“Look, I don’t know what to tell you,” Jonah said, handing her a broom to sweep the deck clear of dust. It seemed that no matter how often it was swept, the Dutchman had a perpetual layer of dust and dirt clinging to her. Noemi figured it was part of the atmosphere. “It’s really hard to predict where we are heading next.”

“Yeah, but there has to be someone in the Caribbean that is dying at sea, right? I mean, how come we can’t go to them first!”

“I don’t think we actually operate on a linear timeline…” Jonah had said, giving her a shrug. “If we did, then I imagine there’d be a lot of ghosts we just don’t get. But if we just appear a couple of hours after their death, it gives them enough time to start to realize their situation.”

“Wait…if time’s not linear, then could we go back to the past!?”

“In theory,” Jonah said, very slowly. “But we have no way of knowing what time it is exactly, just by the stars. Besides, how would you even know if it would apply to you? Even if I’m right, I don’t know what happens to living people when they leave the Dutchman. Maybe you just rejoin time in the point you’re supposed to.”

“Mm, I guess that’s true. It’s not a safe bet…”

“Not at all.”

“Hey, you two, stop talking, the water is getting rough!” Ronny shouted from her perch up above. The elf grabbed the rope and slid down to the deck to join them, her tricorn hat staying on her hair despite the strong winds. “Saw something big moving beneath the water. We may have trouble.”

“Big? How big?” Noemi asked. Was it possible there was another sunken man of war ghost ship sailing around? “Is it a ship?”

“Bigger!” Ronny exclaimed, pointing up excitedly. “Get the guns ready!”

“Why, what did you se—” Jonah started to ask, before there was the sound of breaking water, the soft light of twilight going dark as something large reared itself above the ocean. “…Oh. To the guns!”

Noemi ran as quickly as she could across the decks, throwing the broom to the ground as she started shoving gunpowder into the cannons. The boat was raised high into the air by the force of the waves, tipping dangerously to both sides. Looking over her shoulder, Noemi could see that the creature was a large serpent, easily five times the size of the Dutchman.

Her face went white, the powder she was scooping with her hands falling like sand between her fingertips. She stared wide eyes at the serpent as it pushed itself out of the water, passing over the ship with seeming no end as it crashed beneath the waves on the other side. It was wider than the ship, blocking out the stars above her as its dark shape flew above.

The water splashed aboard the deck with enough force to send Noemi flying backwards. She scrambled to catch her footing as the ship was bumped fiercely from beneath.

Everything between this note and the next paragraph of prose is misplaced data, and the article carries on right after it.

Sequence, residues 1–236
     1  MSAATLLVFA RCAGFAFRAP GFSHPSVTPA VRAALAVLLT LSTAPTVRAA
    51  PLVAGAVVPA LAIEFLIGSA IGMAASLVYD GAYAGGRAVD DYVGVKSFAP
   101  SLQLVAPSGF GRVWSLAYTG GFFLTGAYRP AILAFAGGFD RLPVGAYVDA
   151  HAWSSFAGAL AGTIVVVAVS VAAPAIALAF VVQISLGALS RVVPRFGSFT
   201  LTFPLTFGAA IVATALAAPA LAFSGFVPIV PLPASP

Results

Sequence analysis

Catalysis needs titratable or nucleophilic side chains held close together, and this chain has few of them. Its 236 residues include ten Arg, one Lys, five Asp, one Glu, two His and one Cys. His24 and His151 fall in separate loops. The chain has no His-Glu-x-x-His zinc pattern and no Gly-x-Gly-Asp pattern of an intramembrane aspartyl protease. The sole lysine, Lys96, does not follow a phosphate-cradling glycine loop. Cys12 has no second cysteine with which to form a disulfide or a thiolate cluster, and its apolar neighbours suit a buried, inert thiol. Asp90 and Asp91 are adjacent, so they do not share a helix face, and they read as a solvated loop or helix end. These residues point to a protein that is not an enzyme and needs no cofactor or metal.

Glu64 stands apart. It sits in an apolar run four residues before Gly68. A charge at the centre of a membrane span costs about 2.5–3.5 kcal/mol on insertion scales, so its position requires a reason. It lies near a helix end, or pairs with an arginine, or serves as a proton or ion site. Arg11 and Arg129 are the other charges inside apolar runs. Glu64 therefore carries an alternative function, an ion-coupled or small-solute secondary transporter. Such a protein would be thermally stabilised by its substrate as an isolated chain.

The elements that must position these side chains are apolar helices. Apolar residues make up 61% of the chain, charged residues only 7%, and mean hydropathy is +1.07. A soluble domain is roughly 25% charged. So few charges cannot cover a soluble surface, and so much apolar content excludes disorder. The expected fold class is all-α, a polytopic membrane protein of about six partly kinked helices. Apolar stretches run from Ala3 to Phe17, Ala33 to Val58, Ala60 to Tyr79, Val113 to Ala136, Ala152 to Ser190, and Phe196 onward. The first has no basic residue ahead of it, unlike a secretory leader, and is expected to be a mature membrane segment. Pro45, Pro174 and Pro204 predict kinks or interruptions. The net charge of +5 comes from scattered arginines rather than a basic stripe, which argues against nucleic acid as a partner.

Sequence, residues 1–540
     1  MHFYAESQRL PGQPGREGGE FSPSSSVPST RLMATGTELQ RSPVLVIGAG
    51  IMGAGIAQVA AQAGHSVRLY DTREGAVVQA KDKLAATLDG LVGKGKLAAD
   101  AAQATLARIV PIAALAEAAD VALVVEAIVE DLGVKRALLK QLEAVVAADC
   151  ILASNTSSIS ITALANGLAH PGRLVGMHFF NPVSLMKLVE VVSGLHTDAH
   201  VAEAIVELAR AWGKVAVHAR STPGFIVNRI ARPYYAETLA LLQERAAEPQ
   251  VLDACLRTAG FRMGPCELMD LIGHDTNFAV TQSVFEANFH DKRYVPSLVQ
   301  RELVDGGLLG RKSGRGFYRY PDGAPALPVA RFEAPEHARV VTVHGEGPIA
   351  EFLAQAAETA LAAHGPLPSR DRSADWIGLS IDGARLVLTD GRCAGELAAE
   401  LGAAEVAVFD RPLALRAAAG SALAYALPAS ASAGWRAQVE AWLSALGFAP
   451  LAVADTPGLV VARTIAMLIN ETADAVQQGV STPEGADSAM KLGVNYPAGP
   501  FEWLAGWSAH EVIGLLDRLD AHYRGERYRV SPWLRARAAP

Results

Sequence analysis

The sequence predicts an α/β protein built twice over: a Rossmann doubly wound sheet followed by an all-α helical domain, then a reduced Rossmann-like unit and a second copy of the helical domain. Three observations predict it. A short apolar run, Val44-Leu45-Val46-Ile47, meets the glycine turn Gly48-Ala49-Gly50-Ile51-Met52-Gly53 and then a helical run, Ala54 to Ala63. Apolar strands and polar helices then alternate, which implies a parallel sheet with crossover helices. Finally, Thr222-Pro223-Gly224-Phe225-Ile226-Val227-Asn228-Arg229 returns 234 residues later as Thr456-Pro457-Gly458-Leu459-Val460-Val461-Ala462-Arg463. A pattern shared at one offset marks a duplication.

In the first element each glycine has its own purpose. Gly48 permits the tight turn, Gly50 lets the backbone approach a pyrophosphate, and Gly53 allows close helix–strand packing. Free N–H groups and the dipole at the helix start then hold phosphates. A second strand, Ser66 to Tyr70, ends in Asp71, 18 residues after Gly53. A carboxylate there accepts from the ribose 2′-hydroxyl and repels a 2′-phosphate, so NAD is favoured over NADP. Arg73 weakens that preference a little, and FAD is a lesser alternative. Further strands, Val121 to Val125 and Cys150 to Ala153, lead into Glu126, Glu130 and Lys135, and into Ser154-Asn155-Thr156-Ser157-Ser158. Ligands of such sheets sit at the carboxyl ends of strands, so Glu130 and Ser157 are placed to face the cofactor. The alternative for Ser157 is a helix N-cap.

“I have you, Noemi,” the soft yet firm voice of Ophidia said, as Noemi felt herself being wrapped up in the Feathered Serpent’s arms. Ophidia was staring down towards the bottom of the ship with a worried look on her face.

“What, what is that!?”

“It is the World Serpent…”

“The what?!”

Ophidia didn’t answer, instead just wrapping herself around Noemi even tighter, her arms looking more like a bird’s wings than a human’s arms as she cocooned the red head. Noemi didn’t resist, her heart racing.

“It’s coming from below!” Ronny shouted, over the rush of the wind. Noemi couldn’t do anything, couldn’t move. She felt the ship begin to…sink? No…that wasn’t right…

It was like the ship was falling. She heard the rushing of water pouring down a hole in the world itself, as if the ocean had simply parted over a great abyss. They were falling and the stars were getting farther away above the. Noemi screamed, her cries of terror muffled by Ophidia’s chest as the Goddess buried the mortal’s face in her bosom, like a mother would a child.

The world was dark as the stars went out. It took Noemi a second to process why that was. The giant snake had swallowed them whole, gulping down the sea water with them. They were in the belly of the beast, or more accurately, the mouth of it.

Jonah said nothing, though Noemi could see there was enough life left in the ghost that even he was uncertain of what would await him. Ronny was screaming at him to do something, get the Dutchman to sail away, but they had no “jump”, not that Noemi had seen.

“Is…Is this where it ends? After all that, I get swallowed by a monster?”

“…Do not despair, Noemi. We have not reached our end yet. I am here with you. Though even at the height of my power, I do not know if I had the strength to fight the World Serpent.”

“So that’s it. We’re going to die here?”

“We are still here. Have faith, Noemi.”

The words were said in a calming tone, but that was hardly enough to overcome the fear that washed over Noemi as the ship was bounced and jostled inside the monster’s mouth. She waited with baited breath for the next drop down, when the serpent would throw its head back and send them to its endless gullet.

“There’s light!” Ronny shouted, pointing franticly. “Ah! Cabin boy! Make your ghosts push us or something!”

“This is a man of war, Ronny, you know damn well there are no sails!”

“Do something, cabin boy!”